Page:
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A Miracle In The Backwaters Of Kerala

A Miracle In The Backwaters Of Kerala

Travel writers Colleen and Hugh Gantzer fondly recall their nostalgic collective experiences of Kerala's fairy-tale water world

Sailing through Kerala's beautiful backwaters
Sailing through Kerala's beautiful backwaters Shutterstock

Right now, a miracle is happening off the shore of Kerala.

The winds and current, swirled up by the heat of the sun, have created a shallow, calm shoal in the Arabian Sea. This has attracted breeding fish. It will, later, give a rich silvery harvest for Kerala’s fishermen. But, that is not the only bonanza given by the gathering storm of the monsoon. Its soil-heavy waves also deposit long strips of earth parallel to Kerala shore. The waters also bring those packaged seafaring fruits – coconuts – and deposit them on these strips of new earth. The dimpled ‘eyes’ atop the coconut sense a favourable environment. A long-dormant biological system is awakened. The coconut strikes root, binding the embryonic coast. Others drift in, creating a new palm-fringed coastline. It encloses a stretch of inland water, joining a growing network of rivers, lakes, shimmering wetlands, and then, canals. Families settle on these virgin sea-gifted lands. A new backwater community has been born.

We have cruised through their fairy-tale water world often, and recall the collective experience with nostalgia. Here, then, are our many vivid memories distilled into a single cruise. All our backwater discoveries are made in traditional rice-boats, converted into small houseboats by one of India’s most creative tourism entrepreneurs: Jose Dominic. Very attentive crews handle the boat and its logistics. All we do is to loll back on cushioned cane chairs and let the backwaters unreel unhurriedly.

A slow journey through the backwaters
A slow journey through the backwaters Shutterstock

And it is timeless. No clock can record the feather-light shadows of palm fronds stroking our bodies as we drift below them. The soft perfume of incense reaches out from a church. It blends with the sugary chimes of bells, which were first heard in Kerala after the visit of Thomas Didymus, one of the twelve Apostles of Christ. We recall that the Government of India had issued a postage stamp to commemorate his visit.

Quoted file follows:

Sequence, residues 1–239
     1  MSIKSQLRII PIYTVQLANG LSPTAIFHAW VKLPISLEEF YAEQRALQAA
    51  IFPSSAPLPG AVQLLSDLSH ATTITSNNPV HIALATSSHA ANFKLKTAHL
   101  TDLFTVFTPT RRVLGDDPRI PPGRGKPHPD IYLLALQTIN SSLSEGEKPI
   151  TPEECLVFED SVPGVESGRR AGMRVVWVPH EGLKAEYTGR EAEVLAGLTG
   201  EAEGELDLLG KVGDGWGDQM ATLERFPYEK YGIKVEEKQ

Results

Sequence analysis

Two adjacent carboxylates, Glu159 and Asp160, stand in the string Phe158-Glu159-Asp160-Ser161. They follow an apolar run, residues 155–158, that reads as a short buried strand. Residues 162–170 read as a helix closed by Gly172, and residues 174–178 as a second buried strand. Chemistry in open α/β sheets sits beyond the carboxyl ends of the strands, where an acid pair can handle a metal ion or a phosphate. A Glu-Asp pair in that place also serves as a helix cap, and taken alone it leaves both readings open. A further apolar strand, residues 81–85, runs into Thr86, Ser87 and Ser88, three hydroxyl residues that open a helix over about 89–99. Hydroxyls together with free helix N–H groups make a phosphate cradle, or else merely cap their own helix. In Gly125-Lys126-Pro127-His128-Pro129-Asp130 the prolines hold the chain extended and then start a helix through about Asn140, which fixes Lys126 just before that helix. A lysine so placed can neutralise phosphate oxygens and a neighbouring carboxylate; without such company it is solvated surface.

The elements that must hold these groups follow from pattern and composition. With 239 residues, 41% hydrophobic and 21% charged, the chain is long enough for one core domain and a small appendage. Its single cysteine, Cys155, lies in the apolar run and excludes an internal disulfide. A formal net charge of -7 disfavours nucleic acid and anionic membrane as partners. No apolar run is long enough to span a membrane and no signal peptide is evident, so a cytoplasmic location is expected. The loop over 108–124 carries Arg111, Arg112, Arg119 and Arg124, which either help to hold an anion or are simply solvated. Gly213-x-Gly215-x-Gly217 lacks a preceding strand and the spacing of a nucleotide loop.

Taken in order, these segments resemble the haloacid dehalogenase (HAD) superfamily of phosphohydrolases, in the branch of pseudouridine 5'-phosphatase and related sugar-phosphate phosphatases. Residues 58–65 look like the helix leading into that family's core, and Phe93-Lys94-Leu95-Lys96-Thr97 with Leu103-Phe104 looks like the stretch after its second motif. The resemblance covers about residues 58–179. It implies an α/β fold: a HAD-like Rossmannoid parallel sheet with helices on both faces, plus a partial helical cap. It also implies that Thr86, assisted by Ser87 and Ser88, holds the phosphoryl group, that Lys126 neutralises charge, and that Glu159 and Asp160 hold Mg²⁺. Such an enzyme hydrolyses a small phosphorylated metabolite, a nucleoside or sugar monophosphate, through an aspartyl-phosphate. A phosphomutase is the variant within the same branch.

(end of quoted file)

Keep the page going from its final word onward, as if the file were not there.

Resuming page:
Our mid-morning browse through history is interrupted by a great quacking chorus of ducks. Duck breeding is a backwaters profession catering to the non-vegetarian Malayalis. The welcoming Malayalis cheerfully celebrate the festivals of their many communities. Easter and Christmas are enthusiastically non-veg. Onam is strictly vegetarian. Everyone takes part in everyone’s festivities, and formal dietary prohibitions are honoured more in their breach than observance. What does a good, divide-and-rule practitioner do when an entire state celebrates the return, from the underworld, of Mahabali at Onam? Clearly, one size does not fit all our myriad communities!

Though these thoughts drift through our minds, we do not allow them to disturb us. There is time enough for analysis and anxiety later. This is the time to relax, unwind and let the impressions flow in, effortlessly.

Dawn settles gently, like a dream, on the backwaters of Kerala. At breakfast, there is the gentle tingle of appams and stew savoured with fresh palm toddy drawn before the sun has touched it. As the crew casts off the boat from its moorings, we see that the backwaters are awake with plunging bathers. A motorboat races past, carrying loads of newspapers to their eternally politically-savvy readers. Women, neck-deep in the flowing water, feel with their bare toes for the shy karimeen (the pearl spot fish) hidden in the sandy bottom of the backwater. They pluck them out and pop them into their floating earthen pots. We ask for fried fish and tapioca chips for lunch.

An eagle-eyed man spearfishes from the banks. A pre-teen boy lies at the edge of the backwater with his hands under the surface. He is, apparently, a reputed crab-catcher and has many scars on his fingers to vouch for his skill. Just as we sail past him, we hear a loud shout. He has either caught a crab, or a crab’s caught him!

Fish with appam is a common delicacy
Fish with appam is a common delicacy Shutterstock

We enter a huge, blue lake. And our backwater cruise is nearly over. We pack up our cameras and notebooks. Our urbane manager says, “The sunset from here is worth seeing.” The sky behind the palms becomes an angry red, tinged with gold. And then, it flares into an eye-aching scarlet shot with spears of molten brass. The backwaters have staged a spectacular finale for us.

Dawn emerges like a dream, but the sun goes down like thunder, on the storm-crafted backwaters of Kerala.

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